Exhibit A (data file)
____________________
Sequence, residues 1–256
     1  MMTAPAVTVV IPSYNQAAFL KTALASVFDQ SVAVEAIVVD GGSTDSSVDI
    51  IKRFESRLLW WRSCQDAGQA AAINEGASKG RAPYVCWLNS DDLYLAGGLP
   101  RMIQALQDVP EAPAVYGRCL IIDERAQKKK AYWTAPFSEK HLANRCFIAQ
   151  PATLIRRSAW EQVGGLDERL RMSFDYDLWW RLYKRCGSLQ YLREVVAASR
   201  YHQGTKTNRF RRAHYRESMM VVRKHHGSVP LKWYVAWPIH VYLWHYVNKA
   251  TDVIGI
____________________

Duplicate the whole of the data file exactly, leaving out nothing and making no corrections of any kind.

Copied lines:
Sequence, residues 1–256
     1  MMTAPAVTVV IPSYNQAAFL KTALASVFDQ SVAVEAIVVD GGSTDSSVDI
    51  IKRFESRLLW WRSCQDAGQA AAINEGASKG RAPYVCWLNS DDLYLAGGLP
   101  RMIQALQDVP EAPAVYGRCL IIDERAQKKK AYWTAPFSEK HLANRCFIAQ
   151  PATLIRRSAW EQVGGLDERL RMSFDYDLWW RLYKRCGSLQ YLREVVAASR
   201  YHQGTKTNRF RRAHYRESMM VVRKHHGSVP LKWYVAWPIH VYLWHYVNKA
   251  TDVIGI